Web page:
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Apache Deepwater, L.L.C. v. W&T Offshore, Inc.

United States Court of Appeals, Fifth Circuit

July 16, 2019

APACHE DEEPWATER, L.L.C., Plaintiff - Appellee

          Appeal from the United States District Court for the Southern District of Texas

          Before HIGGINBOTHAM, GRAVES, and WILLETT, Circuit Judges.


         This dispute arises from a successful plugging and abandonment operation of three offshore oil and gas wells in the Mississippi Canyon area of the Gulf of Mexico. Apache Deepwater, LLC performed the operation and seeks payment from its non-operator partner, W&T Offshore, Inc. A jury awarded $43.2 million to Apache for W&T's breach of the Joint Operating Agreement. W&T challenges the district court's application of the Louisiana Civil Code and interpretation of the contract. Alternatively, W&T contends that it is entitled to an offset in damages because of Apache's bad faith. Finding no error, we affirm.


         In May 1999, Apache and W&T's predecessors entered into a Joint Operating Agreement ("JOA") that governed the operation of three offshore deepwater oil and gas wells (the "Wells") in the Mississippi Canyon area of the Gulf of Mexico. This dispute arises from operator Apache's plugging and abandonment ("P&A") of the Wells.

         In 2012, Apache attempted to P&A the Wells with an intervention vessel called Uncle John with the consent of W&T, but that operation was unsuccessful. Following that failure, Apache contracted to use a different intervention vessel, the Helix-534 ("Helix"). An internal figure by Apache estimated that the cost to P&A the Wells with the Helix was approximately $56, 350, 000. In June 2014, W&T contacted Apache to set up a status conference in July discussing the P&A operation, confirming that W&T knew "that the Helix 534 is contracted for the project." At that meeting, W&T learned that Apache proposed using two drilling rigs for the project instead of the Helix, the Ocean Onyx ("Onyx") and Ensco-8505 ("Ensco").

         W&T and Apache offered to the jury competing explanations for the switch from the Helix to the Onyx and Ensco drilling rigs. By W&T's telling, Apache's decision to use the Onyx and Ensco was a simple matter of cost: W&T contends that Apache entered into a contract for the two drilling rigs for the purpose of drilling new deepwater wells, but abandoned that project in 2014 and was left with exorbitant stacking costs for the idle rigs (approximately $1, 000, 000 per day). W&T asserts that Apache's decision to use the rigs instead of the Helix was an attempt to recoup on the costs of contracting for the unused rigs because Apache had been unsuccessful in unloading the rigs onto another operator. Prior to the July meeting, Apache prepared estimates for the use of the rigs which totaled between $81 and $104 million. W&T points to an internal presentation in which Apache was weighing the costs of using the Helix against the rigs and determining that with the stacking costs Apache was paying for the idle rigs, the use of the rigs would be cheaper because the cost would be split with W&T. Apache cancelled the Helix contract. W&T claims that although Apache purported to rely on written evaluations explaining the technical reasons the rigs were necessary (including that the Helix no longer complied with government regulations), Apache refused to provide those analyses to W&T.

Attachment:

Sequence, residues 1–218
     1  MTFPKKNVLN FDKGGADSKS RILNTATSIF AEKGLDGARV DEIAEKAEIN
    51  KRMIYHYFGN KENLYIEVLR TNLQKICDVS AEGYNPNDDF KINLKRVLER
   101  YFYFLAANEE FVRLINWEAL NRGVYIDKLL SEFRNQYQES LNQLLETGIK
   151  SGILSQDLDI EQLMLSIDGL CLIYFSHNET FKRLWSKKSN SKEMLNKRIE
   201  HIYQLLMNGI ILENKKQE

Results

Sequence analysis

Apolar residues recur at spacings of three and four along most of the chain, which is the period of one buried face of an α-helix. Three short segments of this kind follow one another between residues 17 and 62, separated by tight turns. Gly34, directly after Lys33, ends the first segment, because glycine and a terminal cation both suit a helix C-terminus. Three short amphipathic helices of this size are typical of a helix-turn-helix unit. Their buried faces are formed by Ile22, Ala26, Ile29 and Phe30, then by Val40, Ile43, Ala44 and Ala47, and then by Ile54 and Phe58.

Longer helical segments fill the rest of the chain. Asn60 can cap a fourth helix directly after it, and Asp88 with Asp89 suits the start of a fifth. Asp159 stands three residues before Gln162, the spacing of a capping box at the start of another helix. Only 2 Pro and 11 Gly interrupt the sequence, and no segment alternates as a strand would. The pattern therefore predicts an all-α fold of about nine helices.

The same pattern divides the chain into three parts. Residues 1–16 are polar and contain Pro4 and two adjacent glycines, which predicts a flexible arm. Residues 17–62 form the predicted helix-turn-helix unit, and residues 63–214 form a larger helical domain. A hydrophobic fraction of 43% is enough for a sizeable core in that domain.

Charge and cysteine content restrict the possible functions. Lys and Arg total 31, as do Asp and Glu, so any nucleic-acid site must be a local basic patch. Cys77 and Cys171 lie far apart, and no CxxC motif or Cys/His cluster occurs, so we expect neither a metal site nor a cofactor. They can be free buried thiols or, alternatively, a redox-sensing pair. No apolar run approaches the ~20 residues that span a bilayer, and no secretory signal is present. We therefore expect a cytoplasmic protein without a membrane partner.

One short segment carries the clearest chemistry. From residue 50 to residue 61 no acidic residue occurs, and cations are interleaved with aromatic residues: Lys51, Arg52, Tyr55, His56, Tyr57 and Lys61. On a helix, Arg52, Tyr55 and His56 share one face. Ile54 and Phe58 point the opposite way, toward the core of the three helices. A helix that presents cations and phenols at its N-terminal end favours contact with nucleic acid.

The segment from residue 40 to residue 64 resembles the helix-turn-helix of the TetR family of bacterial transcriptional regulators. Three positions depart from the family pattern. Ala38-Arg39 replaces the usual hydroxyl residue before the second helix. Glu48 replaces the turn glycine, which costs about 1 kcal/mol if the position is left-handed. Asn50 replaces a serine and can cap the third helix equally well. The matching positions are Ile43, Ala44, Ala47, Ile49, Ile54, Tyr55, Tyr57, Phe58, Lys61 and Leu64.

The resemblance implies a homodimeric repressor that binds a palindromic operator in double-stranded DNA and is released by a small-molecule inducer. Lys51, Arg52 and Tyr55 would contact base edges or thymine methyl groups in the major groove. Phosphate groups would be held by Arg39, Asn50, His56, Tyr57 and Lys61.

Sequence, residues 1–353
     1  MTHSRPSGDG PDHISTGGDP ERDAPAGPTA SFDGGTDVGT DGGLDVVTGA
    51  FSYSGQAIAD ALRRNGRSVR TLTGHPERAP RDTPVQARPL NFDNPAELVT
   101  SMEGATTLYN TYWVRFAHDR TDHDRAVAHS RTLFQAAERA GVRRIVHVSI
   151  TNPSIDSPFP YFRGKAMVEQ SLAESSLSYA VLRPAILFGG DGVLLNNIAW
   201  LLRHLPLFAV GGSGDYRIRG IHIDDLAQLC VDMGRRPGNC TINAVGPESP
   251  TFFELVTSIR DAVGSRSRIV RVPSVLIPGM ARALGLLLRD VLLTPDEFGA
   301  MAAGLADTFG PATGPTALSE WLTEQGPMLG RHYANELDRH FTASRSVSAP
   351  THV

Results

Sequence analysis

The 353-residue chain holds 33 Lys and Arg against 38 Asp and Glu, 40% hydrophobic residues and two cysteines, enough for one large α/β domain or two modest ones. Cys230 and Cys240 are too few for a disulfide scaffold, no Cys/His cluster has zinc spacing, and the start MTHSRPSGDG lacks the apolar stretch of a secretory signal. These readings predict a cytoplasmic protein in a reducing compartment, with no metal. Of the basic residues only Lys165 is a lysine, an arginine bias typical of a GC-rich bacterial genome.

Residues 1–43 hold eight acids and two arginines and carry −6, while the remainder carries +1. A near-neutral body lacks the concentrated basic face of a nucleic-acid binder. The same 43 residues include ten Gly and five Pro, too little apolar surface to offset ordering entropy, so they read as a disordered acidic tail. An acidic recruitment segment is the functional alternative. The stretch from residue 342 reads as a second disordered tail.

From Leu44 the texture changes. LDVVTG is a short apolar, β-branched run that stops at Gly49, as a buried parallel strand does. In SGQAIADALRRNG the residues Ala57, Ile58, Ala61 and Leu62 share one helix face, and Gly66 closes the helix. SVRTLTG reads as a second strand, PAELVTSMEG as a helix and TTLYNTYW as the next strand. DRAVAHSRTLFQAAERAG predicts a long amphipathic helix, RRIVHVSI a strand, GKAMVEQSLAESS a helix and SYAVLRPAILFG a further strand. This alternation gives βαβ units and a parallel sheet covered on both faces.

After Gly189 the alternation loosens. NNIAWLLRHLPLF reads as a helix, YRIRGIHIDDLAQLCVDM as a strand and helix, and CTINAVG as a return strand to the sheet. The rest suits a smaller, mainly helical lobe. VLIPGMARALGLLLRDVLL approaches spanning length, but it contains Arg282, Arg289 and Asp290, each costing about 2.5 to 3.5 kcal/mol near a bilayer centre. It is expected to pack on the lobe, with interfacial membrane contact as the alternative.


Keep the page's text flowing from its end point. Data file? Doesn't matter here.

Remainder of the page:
Apache rejects W&T's economic explanation and argues that the Helix was not a safe option after the Deepwater Horizon spill and the government regulators would not have approved the Helix for the P&A operations. Apache put on evidence that it had discussed the risks of using the Helix with W&T, and demonstrated that technical difficulties posed by the Wells would make the "open water" operations of the Helix environmentally risky, that the Wells were "high risk," and that the drilling rigs were able to conduct the P&A operations with safeguards mitigating the risk of oil spills. Apache also claimed that the federal Bureau of Safety and Environmental Enforcement ("BSEE") advised Apache that it was no longer approving the type of open-water operations that Helix would need to perform to complete the P&A task. In Apache's version, W&T began "actively resisting" the P&A plan using the rigs because the Helix operation would be far cheaper for W&T and W&T was disregarding the environmental risk.[1] Apache argued to the jury that W&T ignored the fact that Helix would have had operational issues that would have increased the costs of the operation past the initial estimates and that the use of the rigs was "reasonably necessary."

         Amid their dispute over the appropriate intervention vessel, Apache sought W&T's approval for use of the rigs through an Authorizations for Expenditure ("AFE"), but W&T decided not to approve the use of the rigs, [2] and rejected two other requests for AFEs. Apache decided to use the rigs for the P&A and the work was successfully completed in February 2015 for a total cost of $139, 900, 000. Apache billed W&T for its contractual 49% share, or $68, 570, 000. W&T decided to pay $24, 860, 640, which represented 49% of the estimate for use of the Helix, contending that "Apache's insistence on using a drilling rig unnecessarily and unreasonably increased the costs of this work," and determining that it was not obligated to pay the full billed amount because it had not approved the AFEs.